Hosting physician panels is a bit like herding smart cats. It can also be expensive. But it's usually well worth the trouble and cost in gathering new-product intelligence.
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Is a potential future threat to medical-device makers in the works?
|Learning from physician panels
In April and May of 2013 we recruited and engaged two physician panels in order to assess potential market interest in a new method for patient assessment at the point of care. Our intent was to solicit the participation of key opinion leaders (KOLs), a total of eight target clinicians and laboratorians over 2-day periods. Our efforts were successful in guiding our client in future development of their unique technology.
These important methodologies reminded me of some basic truths I've learned over the years in the recruitment and management of these in-person meetings of physician groups. I'd like to share some of my suggestions with you in the hope that they will encourage you to consider this vehicle for product-concept research and perhaps avoid some missteps in the process.
As a starting point, consider my thoughts in the brief entitled "Gaining Clinical Insight: Physician Panels". Please share some of your own experiences as well.
My no-fee offer
We've encountered a brief Spring hiatus at Trilogy Associates, from which you can benefit. I'm feeling generous enough to offer you some no-fee feedback on:
- A business or commercialization plan
- A new-product idea
- A marketing message
- A presentation
Just send it along for me to consider, including a proposed NDA if necessary. The topic should be in some way medical-related. I make no promises as to acceptance, hours invested or response time, but what do you have to lose? Be advised: Generosity is a fleeting thing.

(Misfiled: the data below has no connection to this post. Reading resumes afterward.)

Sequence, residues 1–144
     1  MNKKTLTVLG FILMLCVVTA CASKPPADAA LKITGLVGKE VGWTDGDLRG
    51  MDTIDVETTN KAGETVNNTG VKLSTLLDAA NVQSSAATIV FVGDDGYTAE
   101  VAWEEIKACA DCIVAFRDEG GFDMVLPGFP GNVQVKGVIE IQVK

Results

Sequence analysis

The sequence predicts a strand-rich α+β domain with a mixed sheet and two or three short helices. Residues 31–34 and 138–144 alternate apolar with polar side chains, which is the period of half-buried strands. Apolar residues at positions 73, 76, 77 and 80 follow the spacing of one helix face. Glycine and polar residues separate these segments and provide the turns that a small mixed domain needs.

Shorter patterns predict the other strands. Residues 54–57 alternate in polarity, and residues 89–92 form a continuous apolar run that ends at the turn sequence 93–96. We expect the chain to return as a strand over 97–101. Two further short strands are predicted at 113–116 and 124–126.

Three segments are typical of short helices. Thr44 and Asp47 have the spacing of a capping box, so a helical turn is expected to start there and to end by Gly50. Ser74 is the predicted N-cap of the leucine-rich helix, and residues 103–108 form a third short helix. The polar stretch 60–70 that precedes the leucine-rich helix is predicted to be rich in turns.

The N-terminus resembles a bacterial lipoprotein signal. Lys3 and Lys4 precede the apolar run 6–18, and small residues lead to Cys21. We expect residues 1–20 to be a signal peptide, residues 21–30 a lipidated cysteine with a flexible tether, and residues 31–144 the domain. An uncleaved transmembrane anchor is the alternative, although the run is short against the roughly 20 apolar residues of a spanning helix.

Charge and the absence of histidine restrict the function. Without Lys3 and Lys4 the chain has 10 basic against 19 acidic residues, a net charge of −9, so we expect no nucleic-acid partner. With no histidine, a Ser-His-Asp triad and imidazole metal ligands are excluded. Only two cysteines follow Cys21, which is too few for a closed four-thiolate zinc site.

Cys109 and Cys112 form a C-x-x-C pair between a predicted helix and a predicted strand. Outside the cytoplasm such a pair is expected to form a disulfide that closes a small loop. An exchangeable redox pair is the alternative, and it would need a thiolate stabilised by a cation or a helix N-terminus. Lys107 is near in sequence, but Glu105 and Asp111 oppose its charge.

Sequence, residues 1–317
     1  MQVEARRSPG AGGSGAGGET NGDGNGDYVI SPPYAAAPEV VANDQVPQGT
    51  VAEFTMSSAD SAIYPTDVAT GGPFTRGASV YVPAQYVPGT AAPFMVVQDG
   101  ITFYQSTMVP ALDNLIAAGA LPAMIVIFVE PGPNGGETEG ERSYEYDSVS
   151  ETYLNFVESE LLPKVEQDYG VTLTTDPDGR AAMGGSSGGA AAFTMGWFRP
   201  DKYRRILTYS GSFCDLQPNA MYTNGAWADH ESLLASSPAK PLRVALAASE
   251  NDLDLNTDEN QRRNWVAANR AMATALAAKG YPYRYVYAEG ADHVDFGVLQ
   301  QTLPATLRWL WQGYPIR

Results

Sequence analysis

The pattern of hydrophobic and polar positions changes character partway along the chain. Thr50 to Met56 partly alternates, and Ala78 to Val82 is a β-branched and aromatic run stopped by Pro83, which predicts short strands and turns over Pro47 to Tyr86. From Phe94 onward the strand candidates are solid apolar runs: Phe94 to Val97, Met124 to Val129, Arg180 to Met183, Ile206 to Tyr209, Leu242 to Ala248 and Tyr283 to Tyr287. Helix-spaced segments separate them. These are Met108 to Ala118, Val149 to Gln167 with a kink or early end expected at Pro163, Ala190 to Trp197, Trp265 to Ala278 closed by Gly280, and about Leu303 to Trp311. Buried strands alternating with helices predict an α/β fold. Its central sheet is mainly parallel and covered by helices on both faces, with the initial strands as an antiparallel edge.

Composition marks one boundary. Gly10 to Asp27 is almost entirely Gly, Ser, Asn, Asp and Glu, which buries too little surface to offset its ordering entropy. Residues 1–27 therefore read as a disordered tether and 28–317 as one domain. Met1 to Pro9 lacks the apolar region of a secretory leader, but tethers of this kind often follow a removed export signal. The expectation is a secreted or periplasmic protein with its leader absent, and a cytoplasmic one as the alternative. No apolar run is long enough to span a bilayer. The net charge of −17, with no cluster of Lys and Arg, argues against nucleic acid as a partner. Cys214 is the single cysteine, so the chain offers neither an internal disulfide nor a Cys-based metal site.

Will hospitals and doctors become medical-product producers?
My question is a serious one. It's stimulated by a recent article by Marilyn Marchione of the Associated Press entitled "Doctors save Ohio boy by printing an airway tube." This fascinating article describes the efforts of doctors at the University of Michigan Health System to fabricate an airway splint to repair a birth defect in a three-month-old boy. They actually "printed out" 100 tiny tubes using plastic particles and a 3-D laser printer and implanted one of them in the youngster. It worked! The child is now 19 months old and doing well.
This wonderful result conjures up an interesting question: Will hospitals and physicians someday become routine producers of medical devices manufactured using
3-D printers and implanted or otherwise applied in patient care? The prospect boggles the mind and raises many questions. How might the capabilities of these new producers and the quality of their products be assured? How will conformance with product specs be demonstrated? Will these processes be regulated by FDA, and if so how? What product volumes might be realistically achievable. Will such activities compromise the success of today's medtech manufacturers?
Physicians today have substantial latitude in their choices of devices and drugs for patient treatment. Might that latitude someday include building their own devices? Your thoughts?